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[Coming Soon] =What is the “Kleinfeld Score”?= The Kleinfeld Score is a numerical score that measures a political figure’s honesty. You calculate it by dividing a political speaker's number of '''truthful''' Wikiproved claims and statements (i.e., claims and statements found not to be <span style="color:red">false</span>, <span style="color:green">misleading</span>, <span style="color:purple">BS</span>, or <u>inconsistent</u>) by his or her '''total''' number of Wikiproved claims and statements. The result indicates the percentage of time that the political figure speaks honestly. For example, if a politician gives a speech containing 10 specific factual claims, 4 of which turn out to be untrue, that speech gets a 6/10. If the politician later gives a speech with 2 out of 12 untruths, that speech gets a 10/12. That politician's Kleinfeld Score is the sum of all his or her statements that have been Wikiproved: 16/22 or 73%. The Kleinfeld Score is named for Wikiprove’s founder and director, Joshua Kleinfeld, an assistant professor of law at Northwestern University: http://www.law.northwestern.edu/faculty/profiles/Joshua%20SethKleinfeld.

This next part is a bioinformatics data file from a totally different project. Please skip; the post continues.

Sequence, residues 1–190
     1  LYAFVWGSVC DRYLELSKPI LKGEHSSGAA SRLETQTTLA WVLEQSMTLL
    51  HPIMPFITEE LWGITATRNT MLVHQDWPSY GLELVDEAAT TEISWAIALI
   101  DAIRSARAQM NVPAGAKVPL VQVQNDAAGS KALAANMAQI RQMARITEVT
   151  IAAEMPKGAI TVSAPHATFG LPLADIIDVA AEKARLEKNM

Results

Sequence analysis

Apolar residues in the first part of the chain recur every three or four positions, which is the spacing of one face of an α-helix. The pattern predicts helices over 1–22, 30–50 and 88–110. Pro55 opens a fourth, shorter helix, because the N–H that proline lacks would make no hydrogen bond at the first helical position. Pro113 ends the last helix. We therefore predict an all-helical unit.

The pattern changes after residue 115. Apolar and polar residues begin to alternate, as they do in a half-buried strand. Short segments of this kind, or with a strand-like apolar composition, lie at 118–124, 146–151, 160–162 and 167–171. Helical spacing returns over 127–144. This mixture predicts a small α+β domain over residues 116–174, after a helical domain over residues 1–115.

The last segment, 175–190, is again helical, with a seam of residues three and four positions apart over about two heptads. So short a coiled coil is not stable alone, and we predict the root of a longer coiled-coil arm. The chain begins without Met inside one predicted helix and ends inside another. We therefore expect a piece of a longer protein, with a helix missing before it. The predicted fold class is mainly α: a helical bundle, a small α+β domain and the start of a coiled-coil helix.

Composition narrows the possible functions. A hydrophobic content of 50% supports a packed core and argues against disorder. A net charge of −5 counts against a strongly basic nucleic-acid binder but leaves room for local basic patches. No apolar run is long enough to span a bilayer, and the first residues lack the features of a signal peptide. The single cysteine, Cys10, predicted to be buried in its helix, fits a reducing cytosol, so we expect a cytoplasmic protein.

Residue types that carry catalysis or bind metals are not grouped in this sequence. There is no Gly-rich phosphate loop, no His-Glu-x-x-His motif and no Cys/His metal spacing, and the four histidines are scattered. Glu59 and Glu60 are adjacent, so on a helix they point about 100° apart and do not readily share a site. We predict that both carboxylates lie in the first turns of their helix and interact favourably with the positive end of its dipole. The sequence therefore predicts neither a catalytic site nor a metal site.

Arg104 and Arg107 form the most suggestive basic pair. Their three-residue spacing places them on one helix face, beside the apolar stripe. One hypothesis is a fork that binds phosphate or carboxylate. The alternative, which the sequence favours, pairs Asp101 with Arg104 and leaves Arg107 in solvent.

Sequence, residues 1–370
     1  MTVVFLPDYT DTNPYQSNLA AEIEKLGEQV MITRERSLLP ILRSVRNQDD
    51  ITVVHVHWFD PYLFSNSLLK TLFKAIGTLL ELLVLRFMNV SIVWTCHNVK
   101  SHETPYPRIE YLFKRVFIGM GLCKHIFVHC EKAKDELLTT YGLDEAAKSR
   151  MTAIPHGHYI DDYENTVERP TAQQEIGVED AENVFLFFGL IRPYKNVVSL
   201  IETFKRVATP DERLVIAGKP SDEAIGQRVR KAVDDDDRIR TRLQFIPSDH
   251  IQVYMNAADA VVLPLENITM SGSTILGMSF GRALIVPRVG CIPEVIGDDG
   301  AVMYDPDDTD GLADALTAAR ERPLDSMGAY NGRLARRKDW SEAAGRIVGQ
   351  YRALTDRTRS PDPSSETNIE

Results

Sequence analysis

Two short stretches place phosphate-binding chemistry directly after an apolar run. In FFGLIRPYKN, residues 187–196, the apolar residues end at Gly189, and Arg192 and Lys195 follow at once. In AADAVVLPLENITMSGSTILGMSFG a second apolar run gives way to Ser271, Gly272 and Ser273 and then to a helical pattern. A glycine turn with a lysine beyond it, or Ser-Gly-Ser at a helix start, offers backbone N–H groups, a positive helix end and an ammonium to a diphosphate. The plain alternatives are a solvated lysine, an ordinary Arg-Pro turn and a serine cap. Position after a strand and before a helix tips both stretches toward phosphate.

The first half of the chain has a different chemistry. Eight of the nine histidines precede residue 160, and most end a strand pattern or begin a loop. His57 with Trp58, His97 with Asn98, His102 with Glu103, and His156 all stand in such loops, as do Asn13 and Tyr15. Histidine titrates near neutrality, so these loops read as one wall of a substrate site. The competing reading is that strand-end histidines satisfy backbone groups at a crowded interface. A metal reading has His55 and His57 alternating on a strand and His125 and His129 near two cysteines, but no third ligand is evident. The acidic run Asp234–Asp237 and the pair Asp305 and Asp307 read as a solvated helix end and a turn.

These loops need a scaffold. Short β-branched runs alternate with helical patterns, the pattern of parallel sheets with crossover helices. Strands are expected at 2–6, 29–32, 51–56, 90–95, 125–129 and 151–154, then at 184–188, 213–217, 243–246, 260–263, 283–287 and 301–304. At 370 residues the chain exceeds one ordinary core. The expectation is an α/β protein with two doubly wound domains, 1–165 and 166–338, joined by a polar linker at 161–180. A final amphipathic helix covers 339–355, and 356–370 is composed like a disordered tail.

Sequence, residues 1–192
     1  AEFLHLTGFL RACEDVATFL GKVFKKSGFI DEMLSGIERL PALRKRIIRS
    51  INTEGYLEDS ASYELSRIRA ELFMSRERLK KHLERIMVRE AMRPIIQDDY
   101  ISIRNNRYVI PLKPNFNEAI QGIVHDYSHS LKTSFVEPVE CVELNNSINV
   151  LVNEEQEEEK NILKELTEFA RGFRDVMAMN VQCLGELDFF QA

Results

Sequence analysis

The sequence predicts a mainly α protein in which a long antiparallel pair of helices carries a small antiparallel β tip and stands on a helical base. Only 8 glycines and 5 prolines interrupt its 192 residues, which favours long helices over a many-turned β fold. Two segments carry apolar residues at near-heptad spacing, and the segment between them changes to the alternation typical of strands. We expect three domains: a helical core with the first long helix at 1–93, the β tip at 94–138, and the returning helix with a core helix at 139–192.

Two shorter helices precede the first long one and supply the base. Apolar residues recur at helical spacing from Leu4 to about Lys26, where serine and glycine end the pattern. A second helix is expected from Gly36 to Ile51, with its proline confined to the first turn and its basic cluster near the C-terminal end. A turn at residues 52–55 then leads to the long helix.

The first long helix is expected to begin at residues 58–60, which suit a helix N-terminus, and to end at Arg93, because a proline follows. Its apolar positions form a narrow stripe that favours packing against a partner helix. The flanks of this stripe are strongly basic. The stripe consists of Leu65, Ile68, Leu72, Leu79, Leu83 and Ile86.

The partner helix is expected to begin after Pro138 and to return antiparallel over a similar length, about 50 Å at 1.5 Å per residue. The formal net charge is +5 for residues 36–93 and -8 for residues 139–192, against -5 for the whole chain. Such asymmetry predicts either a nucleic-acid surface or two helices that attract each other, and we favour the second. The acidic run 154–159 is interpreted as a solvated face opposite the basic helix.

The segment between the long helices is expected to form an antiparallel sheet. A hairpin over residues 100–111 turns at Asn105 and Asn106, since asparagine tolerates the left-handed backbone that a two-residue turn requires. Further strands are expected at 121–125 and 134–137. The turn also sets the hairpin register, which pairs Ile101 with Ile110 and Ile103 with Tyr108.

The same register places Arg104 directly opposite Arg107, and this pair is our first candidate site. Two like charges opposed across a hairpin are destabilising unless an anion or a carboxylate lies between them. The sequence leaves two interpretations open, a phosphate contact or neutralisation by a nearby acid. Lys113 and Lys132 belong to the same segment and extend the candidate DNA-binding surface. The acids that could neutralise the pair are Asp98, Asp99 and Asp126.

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Presidential Debate 1, Oct. 3, 2012
Vice-Presidential Debate, Oct. 11, 2012
Presidential Debate 2, Oct. 16, 2012
Presidential Debate 3, Oct. 22, 2012
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